BP plc's quarterly profits fell by half from the same period a year ago, but the company still is managing to surpass cost-cutting targets and increase its oil and natural gas output, CEO Tony Hayward said last week. The company, however, doesn't think a global economic recovery -- or energy demand growth -- will happen this year.
The largest gas producer and marketer in North America reported a 53% drop in net profit in 2Q2009, clipped by lower commodity prices and weak refining margins. Net profit was $4.4 billion, down from $9.4 billion a year earlier. However, results rose sequentially from 1Q2009, when BP posted a net profit of $2.6 billion. Revenue for the period was down by half to $57 billion from $111 billion a year ago, but it climbed 18% sequentially from the first three months of 2009.
The London-based major is delivering a solid performance in a "very tough" environment, Hayward said.
"We are in turbulent times, volatile and uncertain," he said. "But we continue to steer a steady course through choppy waters. Two years ago we set out to restore our ability to compete more effectively with our rivals in the sector. The momentum we established in that process remains very powerful. Despite the current climate, we are making good progress in growing our upstream, turning around our downstream and driving cost efficiency across the group."
BP's cash costs fell by more than $2 billion in the first half of 2009, versus the same period last year.
"Back in February we reported our 2008 results against a backdrop of a deepening global recession and predictions of stagnant economic growth in 2009," said the CEO. "Today, available economic data and growth forecasts suggest the world economy will shrink in 2009 -- the largest decline since World War II.
As the world economy shrinks, the demand for energy also has fallen, said Hayward. Natural gas consumption in the United States "has fallen more than 3% year-on-year and industrial gas demand has fallen by 11%. U.S. production has continued to grow despite a significantly lower rig count, keeping U.S gas prices under pressure. European consumption is down more than 4% and falling demand in Asia has led to significant reductions in liquefied natural gas imports."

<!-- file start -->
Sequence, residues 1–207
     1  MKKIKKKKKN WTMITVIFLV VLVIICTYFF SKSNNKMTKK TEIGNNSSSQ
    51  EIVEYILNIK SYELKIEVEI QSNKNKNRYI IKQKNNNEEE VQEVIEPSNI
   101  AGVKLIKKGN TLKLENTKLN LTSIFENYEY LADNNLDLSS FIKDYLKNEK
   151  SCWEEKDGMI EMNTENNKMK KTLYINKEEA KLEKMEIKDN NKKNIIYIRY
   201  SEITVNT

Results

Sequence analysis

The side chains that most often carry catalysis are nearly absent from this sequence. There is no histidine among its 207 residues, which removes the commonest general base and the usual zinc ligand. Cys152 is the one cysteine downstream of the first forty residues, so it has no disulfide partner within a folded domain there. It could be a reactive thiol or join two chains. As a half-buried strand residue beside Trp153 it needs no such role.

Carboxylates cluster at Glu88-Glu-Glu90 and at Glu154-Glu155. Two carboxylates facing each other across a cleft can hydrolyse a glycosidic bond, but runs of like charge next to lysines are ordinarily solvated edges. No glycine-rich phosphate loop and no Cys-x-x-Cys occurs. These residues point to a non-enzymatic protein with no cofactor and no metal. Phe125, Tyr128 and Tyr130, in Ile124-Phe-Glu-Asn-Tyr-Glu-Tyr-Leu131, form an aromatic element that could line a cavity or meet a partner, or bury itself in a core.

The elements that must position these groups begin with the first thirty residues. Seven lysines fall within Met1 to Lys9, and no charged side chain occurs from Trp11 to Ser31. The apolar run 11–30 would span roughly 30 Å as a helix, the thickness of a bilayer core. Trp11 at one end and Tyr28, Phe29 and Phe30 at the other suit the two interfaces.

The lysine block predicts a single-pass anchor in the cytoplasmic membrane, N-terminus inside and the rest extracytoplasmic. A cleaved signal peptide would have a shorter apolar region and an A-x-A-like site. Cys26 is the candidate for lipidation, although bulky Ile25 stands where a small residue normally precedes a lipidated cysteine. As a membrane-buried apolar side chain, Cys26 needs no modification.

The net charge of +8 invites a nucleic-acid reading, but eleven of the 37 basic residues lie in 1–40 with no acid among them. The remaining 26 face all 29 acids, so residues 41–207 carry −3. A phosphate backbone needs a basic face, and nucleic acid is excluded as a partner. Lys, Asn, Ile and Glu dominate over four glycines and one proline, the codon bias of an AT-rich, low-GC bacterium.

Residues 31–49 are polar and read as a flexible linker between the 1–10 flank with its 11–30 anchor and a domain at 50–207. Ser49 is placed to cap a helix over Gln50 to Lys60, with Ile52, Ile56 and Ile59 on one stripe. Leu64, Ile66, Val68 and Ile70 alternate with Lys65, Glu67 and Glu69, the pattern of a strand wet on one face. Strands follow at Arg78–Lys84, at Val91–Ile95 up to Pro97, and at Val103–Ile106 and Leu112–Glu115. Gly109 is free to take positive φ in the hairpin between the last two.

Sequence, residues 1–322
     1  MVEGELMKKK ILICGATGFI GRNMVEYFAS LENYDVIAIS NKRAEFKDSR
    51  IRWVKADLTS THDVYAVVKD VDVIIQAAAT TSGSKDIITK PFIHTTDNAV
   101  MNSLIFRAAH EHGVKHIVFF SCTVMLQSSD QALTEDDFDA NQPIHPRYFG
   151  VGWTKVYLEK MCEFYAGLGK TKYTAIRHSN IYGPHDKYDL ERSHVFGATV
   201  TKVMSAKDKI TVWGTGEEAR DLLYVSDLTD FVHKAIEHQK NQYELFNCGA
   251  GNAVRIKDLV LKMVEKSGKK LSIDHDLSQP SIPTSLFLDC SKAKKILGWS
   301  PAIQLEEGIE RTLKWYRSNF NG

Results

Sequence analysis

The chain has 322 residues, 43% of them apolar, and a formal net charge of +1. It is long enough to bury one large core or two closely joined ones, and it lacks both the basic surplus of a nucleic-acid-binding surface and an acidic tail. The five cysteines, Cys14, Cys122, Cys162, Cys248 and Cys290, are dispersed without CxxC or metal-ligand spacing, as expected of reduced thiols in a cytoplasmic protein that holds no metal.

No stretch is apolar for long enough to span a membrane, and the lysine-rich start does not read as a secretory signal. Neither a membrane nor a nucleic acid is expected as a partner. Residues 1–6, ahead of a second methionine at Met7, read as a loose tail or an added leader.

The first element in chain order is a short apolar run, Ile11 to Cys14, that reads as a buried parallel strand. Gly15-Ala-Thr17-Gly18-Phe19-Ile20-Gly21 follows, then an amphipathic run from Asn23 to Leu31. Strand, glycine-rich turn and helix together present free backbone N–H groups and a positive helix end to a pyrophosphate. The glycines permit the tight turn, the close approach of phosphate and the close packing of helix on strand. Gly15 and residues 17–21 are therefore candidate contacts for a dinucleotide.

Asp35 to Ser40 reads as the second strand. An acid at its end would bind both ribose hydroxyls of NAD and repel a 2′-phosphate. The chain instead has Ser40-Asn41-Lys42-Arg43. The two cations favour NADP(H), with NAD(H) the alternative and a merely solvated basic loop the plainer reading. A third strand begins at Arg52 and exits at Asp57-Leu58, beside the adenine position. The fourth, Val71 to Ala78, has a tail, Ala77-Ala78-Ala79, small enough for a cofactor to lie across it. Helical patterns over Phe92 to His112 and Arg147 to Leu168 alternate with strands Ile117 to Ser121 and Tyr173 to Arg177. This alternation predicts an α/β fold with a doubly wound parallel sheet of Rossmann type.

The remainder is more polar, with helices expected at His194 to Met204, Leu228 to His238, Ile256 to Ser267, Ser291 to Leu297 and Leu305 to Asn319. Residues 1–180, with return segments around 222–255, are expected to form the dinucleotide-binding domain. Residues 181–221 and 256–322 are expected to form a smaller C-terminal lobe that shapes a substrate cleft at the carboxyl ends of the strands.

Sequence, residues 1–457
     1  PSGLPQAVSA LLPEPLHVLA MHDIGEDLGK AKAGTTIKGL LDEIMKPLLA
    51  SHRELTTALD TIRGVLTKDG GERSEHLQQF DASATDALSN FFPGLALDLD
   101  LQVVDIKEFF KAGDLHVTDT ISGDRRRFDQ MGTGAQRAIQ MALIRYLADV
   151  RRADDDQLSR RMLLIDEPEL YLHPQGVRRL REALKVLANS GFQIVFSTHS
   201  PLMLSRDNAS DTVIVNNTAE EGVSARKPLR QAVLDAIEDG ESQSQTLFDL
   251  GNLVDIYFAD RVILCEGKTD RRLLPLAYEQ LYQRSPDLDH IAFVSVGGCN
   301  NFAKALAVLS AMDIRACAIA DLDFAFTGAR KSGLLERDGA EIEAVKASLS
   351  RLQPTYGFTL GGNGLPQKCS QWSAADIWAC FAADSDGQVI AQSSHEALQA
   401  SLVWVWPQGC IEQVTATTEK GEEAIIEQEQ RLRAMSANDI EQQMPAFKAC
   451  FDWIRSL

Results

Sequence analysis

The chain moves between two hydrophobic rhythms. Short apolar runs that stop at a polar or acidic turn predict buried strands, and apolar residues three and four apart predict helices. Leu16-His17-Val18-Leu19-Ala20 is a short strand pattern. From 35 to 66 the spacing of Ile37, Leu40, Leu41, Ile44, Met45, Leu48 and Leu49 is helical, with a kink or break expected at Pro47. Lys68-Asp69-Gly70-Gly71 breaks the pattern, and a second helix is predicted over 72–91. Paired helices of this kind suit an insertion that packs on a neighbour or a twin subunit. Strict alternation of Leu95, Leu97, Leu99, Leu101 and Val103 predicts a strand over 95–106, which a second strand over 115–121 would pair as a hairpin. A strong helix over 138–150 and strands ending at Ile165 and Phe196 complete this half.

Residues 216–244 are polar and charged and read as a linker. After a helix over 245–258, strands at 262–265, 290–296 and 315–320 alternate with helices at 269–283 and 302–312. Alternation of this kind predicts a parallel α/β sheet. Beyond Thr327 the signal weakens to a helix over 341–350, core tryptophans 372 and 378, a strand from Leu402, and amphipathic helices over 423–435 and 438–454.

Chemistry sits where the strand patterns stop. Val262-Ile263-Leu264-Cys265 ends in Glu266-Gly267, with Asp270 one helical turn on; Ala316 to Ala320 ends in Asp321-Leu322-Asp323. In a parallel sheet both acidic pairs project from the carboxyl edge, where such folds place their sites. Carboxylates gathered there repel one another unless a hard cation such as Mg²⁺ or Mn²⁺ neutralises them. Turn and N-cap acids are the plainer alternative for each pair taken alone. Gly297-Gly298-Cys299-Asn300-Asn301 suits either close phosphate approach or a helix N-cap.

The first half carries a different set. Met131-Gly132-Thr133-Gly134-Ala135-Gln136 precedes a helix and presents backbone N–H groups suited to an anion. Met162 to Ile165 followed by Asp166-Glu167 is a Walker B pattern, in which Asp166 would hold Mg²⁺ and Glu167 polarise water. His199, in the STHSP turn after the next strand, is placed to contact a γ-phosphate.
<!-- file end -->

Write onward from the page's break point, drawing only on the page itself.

Lifted by key investments including North American natural gas and oil projects onshore and offshore, BP is increasing its global gas and oil output, a big turnaround from two years ago when production was failing to keep pace with capital spending. Hayward took over in mid-2007, and he shelved some plans not yet on the drawing board to focus on ramping up long-delayed projects (see NGI, Oct. 15, 2007).
The CEO's strategy appears to be working. BP's global gas and oil output in 2Q2009 rose 4.6% from the year-ago period to 4 million boe/d, mostly on the start-up of the 300,000 boe/d Thunder Horse Field in the deepwater Gulf of Mexico. Worldwide BP ramped up five major projects in 2Q2009.
However, BP will tread cautiously through 2009, said Hayward. The global economy "could stabilize this summer but any recovery, whenever it comes," is likely to be sluggish.
"The overall picture is of energy demand now stabilizing," said Hayward. But "at this point we see little evidence of any growth in demand and expect the recovery to be long and drawn out.
"So what does all that mean for BP? On the basis we're not counting on a recovery anytime soon, we will continue to balance the demands of today with our ongoing program of investment for the future. Our focus on self-help will both support short-term delivery and establish a strong platform for sustainable performance." BP expects to see "plenty more" savings in 2010 as general industry costs fall.
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